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7 Takeaways for Week 14 – The RB Opportunity Report

Welcome to the Running Back Opportunity Report. The goal of this series is to go beyond raw carries, targets and yardage stats to look at the true opportunity each running back had to score fantasy points each week, and what they did with it.

METHODOLOGY AND ACRONYMS

Check out the introductory article for a full breakdown.

There are two acronyms you’ll need to know for this series: EP and FPOE.

EP = Expected Points. EP is the difference between getting a carry at the your own 10 versus your opponent’s 10. Your 10, low EP. Your opponents 10, high EP.

FPOE = Fantasy Points Over Expectation. This is a player’s performance against EP. A TD from your own 10 yard line is worth more FPOE than from your opponent’s 10 yard line–and not because of the associated yardage–the TD itself is more valuable because it was much less likely to occur from such a great distance.

One Final note is that the FPs listed in the App and in this article are in PPR scoring.

  1. Devonta Freeman may be fading as a runner, but he still sports an elite ceiling.

This year’s breakout runner leads the league both in EP (182) and FPOE (77), even after posting a -1.07 ruFPOE number in Week 13. Freeman was so hot most of the season that some type of regression was probably inevitable. Although there are obviously extenuating circumstances in the form of his Week 11 concussion, Freeman has not crested 100 yards rushing since Week 7 or scored a rushing TD since Week 6. He’s now averaging 4.5 yards per carry, solid numbers but only a fraction better than Tevin Coleman (4.4) and certainly not in the Jamaal Charles echelon.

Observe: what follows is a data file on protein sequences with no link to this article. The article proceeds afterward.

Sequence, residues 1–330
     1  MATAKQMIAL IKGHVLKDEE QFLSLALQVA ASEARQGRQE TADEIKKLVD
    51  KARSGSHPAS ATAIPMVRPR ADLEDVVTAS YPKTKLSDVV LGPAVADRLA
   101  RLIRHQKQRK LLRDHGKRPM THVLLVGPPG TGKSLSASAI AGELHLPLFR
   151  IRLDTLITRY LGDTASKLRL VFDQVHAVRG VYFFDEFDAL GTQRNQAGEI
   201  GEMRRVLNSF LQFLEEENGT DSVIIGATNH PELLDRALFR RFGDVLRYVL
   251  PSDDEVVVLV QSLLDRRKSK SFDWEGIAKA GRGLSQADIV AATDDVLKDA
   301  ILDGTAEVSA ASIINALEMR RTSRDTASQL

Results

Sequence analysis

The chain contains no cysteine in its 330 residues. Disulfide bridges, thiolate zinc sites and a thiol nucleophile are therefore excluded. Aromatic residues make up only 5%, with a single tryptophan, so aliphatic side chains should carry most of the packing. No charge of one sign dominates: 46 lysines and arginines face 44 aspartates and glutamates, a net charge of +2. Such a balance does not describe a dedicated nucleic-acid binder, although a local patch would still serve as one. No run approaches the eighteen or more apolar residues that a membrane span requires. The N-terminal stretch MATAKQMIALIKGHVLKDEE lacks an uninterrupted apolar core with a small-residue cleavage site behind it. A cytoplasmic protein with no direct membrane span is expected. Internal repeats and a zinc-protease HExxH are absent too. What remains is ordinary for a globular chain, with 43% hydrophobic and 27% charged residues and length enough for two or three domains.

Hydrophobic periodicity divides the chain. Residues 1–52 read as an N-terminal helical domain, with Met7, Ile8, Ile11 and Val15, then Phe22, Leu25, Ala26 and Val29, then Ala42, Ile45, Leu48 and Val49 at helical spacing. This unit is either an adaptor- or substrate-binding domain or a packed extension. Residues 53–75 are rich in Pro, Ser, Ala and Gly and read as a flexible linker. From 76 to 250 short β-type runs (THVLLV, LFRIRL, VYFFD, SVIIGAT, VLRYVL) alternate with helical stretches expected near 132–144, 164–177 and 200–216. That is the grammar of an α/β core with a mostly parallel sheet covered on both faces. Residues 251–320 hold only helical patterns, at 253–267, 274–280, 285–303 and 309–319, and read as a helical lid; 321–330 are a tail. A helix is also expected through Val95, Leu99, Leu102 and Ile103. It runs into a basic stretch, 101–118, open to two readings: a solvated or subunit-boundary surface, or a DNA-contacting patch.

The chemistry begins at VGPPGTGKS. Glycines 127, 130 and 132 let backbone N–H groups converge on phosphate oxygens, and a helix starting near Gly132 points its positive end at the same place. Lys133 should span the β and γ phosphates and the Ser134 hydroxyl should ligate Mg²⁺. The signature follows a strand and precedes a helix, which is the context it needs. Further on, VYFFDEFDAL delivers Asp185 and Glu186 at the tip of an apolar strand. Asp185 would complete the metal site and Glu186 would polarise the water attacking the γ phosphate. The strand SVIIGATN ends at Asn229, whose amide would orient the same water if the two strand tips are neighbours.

Part of Freeman’s decline can probably be blamed on the collapse of the Atlanta offense,1 but this also provides his salvation. Freeman saw 11 targets in Week 13 and finished with almost 14 EP purely of the receiving variety. He added an additional 1.63 reFPOE to his total and again finished as one of the week’s top PPR scorers. Freeman probably lacks the type of pure rushing ability to make him the long term No. 1 RB in fantasy, but I’d strongly prefer to roster an elite receiving back over an Adrian Peterson type. Freeman now has 95 expected points in the pass game, which means that more than half of his EP are from pass targets. Following the injury to Leonard Hankerson, the Falcons have absolutely nothing at WR after Julio Jones.2 On the season Freeman trails only Danny Woodhead and Theo Riddick in receiving EP among RBs, and he’s likely to easily eclipse them in this area during the fantasy playoffs.

  1. James White isn’t Dion Lewis, but he’s also not Shane Vereen.

Freeman had a huge receiving week against the Buccaneers, but three backs accumulated more than 15 reEP and Atlanta’s star wasn’t one of them. James White led the way with 13 targets and 18.2 reEP. He added 0.72 reFPOE per target as the Eagles largely neglected to cover him in their prevent defense. The Patriots have been somewhat reticent to use White in the aftermath of the Dion Lewis injury, and the explanation probably comes in the form of his underwhelming rushing ability. White has a negative ruFPOE on a per play basis at -0.06, numbers which stand in stark contrast to Lewis at 0.29. But sometimes changing the perspective slightly creates an entirely different picture.

Shane Vereen posted a -0.03 ruFPOEPA in 2014, and unlike White, he wasn’t a good receiver either. His 0.04 reFPOEPT pales in comparison to that of White (0.34) or Lewis (0.43). Of course, there are sample size issues at play, but the idea that White isn’t the same talent as Vereen is probably narrative. If you felt comfortable playing Vereen last season – despite the extremely unpredictable nature of his workload – you should probably feel comfortable playing White in the fantasy playoffs. Or perhaps, more accurately, the Patriots should feel comfortable playing him. It would be nice to know more about his likely workload before taking the fantasy playoff plunge. Unfortunately, owners desperate enough to consider him won’t have that luxury.

  1. Javorious Allen and why you don’t have to push the pile to pile up the points.

Allen was one of our favorite rookie values this summer as a potentially elite receiving back heading to a system that features the dump off. The concerns with “Buck” centered around his advanced age (RotoViz) and the belief that his pure rushing ability was pedestrian at best (scouts). Maybe everybody was right.